Veterans who are permanently disabled during their military service are owed a double helping of gratitude. Few Americans would argue that point, no matter their place on the political spectrum. Thus, it’s of no particular surprise or controversy that the law calls for the elimination of government student loan debt for those vets. Safe to say nearly all of us who’ve benefited from their sacrifices wouldn’t have it any other way.

The problem has been in the execution.

Tens of thousands of totally and permanently disabled veterans — some estimates put the number as high as 34,000 — still owe the federal government unpaid student loans but, for whatever reason, have not pursued the benefit. More than half are reportedly in default, meaning they haven’t kept up timely loan payments, the Military Times reported last month.

Legislation filed in both houses of Congress, by Democrats and Republicans, would solve this by automating government efforts to ensure the balances on those loans are wiped clean. Bills now pending in Capitol Hill committees should be moved along quickly, lest any of those who are eligible keep making payments or, worse yet, sink further into financial distress.

Not only that, Congress should consider a similar, proactive approach for other benefits due these veterans. Recent reports spurred by the U.S. Department of Veterans Affairs’ inspector general pointed to a home loan program for which disabled vets were charged fees, even though they were eligible to have those fees waived. Often it didn’t happen because veterans claimed their disability after applying for a loan, then had trouble getting the fees refunded or didn’t bother to ask. The news website last month reported on the VA’s plan to refund about $100 million in fees, of an estimated $189 million still owed to disabled vets, by this fall.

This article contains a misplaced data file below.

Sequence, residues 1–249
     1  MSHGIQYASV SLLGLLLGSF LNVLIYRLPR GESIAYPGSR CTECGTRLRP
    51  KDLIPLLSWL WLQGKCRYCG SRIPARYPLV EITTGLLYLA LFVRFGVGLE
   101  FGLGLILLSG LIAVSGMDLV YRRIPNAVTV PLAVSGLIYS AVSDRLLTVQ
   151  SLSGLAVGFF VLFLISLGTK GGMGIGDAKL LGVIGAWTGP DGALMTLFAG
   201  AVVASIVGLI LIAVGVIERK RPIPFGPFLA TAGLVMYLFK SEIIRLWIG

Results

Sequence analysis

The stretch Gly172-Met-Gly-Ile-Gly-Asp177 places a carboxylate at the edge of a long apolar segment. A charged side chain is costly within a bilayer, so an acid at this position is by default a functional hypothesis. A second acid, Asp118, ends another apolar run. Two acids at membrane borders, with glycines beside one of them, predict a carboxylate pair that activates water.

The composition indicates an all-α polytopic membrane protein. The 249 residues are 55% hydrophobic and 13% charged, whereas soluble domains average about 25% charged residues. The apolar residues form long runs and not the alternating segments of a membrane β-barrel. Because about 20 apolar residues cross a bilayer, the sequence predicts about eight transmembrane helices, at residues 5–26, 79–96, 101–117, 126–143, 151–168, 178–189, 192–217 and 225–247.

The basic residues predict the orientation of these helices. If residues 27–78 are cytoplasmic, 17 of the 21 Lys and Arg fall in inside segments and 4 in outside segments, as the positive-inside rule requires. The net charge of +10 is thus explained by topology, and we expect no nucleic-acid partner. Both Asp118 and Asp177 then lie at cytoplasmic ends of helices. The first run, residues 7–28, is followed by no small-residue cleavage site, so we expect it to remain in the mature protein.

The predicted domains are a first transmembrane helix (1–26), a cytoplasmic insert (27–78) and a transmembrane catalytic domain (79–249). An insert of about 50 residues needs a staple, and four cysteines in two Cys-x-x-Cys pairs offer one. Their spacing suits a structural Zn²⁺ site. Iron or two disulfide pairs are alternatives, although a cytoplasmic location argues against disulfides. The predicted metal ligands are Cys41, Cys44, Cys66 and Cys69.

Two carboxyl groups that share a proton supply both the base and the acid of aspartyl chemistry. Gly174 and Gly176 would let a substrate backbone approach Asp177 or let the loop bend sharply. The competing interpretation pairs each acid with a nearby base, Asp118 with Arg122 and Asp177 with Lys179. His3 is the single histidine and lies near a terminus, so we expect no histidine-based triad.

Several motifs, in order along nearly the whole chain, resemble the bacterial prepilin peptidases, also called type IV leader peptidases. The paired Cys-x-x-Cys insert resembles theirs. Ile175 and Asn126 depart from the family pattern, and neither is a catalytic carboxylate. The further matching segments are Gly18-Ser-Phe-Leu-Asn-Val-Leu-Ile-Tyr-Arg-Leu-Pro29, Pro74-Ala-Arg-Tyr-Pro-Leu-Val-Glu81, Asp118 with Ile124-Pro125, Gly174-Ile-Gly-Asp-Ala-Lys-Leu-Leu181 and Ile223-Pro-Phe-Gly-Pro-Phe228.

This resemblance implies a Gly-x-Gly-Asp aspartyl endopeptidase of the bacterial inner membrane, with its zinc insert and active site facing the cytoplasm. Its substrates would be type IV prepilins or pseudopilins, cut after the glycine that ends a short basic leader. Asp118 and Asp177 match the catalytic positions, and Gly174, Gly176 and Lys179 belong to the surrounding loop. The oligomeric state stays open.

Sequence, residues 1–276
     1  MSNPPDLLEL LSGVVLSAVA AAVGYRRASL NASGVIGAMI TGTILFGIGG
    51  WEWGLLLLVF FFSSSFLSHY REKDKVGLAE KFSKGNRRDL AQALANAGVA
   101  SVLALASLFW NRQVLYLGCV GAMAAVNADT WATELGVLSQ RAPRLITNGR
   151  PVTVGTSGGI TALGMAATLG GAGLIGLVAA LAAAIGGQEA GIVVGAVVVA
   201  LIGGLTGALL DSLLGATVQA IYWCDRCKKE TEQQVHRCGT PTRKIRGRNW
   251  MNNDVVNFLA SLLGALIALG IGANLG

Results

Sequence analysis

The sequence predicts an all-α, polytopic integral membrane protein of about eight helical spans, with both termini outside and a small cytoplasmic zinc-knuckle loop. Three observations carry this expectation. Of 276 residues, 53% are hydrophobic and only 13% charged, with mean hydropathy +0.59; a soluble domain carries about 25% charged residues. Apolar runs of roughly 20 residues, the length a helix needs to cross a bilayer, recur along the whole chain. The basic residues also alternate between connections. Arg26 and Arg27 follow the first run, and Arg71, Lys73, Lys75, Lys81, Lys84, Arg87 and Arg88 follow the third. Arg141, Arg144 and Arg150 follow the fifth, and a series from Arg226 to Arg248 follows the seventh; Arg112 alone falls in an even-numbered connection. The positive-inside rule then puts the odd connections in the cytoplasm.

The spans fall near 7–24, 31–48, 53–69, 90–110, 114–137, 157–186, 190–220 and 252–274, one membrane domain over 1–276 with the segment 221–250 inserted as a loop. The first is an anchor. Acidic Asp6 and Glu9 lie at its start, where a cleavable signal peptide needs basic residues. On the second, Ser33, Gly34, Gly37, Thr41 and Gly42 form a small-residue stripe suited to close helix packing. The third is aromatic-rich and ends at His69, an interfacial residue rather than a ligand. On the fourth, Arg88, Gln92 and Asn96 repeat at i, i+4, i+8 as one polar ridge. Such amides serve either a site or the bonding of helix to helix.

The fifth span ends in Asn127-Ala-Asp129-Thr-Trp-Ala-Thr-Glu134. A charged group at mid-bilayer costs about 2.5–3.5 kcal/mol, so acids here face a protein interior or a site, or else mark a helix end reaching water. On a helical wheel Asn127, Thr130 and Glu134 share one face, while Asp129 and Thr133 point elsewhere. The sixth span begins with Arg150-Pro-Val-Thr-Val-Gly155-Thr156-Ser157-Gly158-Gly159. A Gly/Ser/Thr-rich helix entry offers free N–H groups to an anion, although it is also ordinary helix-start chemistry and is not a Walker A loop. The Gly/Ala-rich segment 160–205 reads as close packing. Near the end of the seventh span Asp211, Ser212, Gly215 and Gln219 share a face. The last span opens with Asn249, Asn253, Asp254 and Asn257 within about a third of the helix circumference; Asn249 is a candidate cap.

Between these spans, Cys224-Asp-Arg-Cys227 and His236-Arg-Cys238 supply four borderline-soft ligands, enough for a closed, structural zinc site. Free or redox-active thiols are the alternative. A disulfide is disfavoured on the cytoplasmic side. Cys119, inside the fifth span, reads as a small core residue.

The student loan program has become fodder for the presidential campaign. On Aug. 7, which commemorated Purple Heart Day, hedge fund manager and Democratic candidate Tom Steyer called out Education Secretary Betsy DeVos for holding out on student loan refunds. “Nothing is stopping (her) from doing the right thing, right now,” he tweeted.

He’s far from the first to seize on this issue. In May the attorneys general of nearly every state and U.S. territory — save Alabama, Arizona and Texas — signed a letter to DeVos calling for the prompt, automatic cancellation of those loans. An Education Department spokesman explained to Politico at the time the hold-up had to do with concerns over triggering state and local tax liabilities by cancelling the loans. (Federal taxes would already be waived, by law.)

To be fair, the Education Department raised this issue itself, when last year it compared its records with those of the VA and sent letters to those disabled veterans believed to owe money on student loans. Those veterans had to act to take advantage of the program, however, the loans couldn’t be forgiven automatically.

To do that would require the intervention of Congress.

Under a plan by Georgia Sen. Johnny Isakson, chairman of the Senate Committee on Veterans Affairs, the government will make comparing its notes a regular exercise, doing so twice each year to look for disabled vets who may be eligible for this benefit. His legislation, cosponsored by Rhode Island Sen. Jack Reed, also calls for the government to make a careful study of discrepancies in the data, lest someone fall through the cracks. Finally, and most importantly, the government would automatically forgive the loans of those who are eligible.

Isakson called the plan, which has a companion bill in the House of Representatives, a “commonsense way to make it easier for totally and permanently disabled veterans to receive the student loan relief they deserve, and I hope that we’re able to act quickly on it.” We hope so too. It should be an easy vote, no matter one’s party or political persuasion.

Recommended for you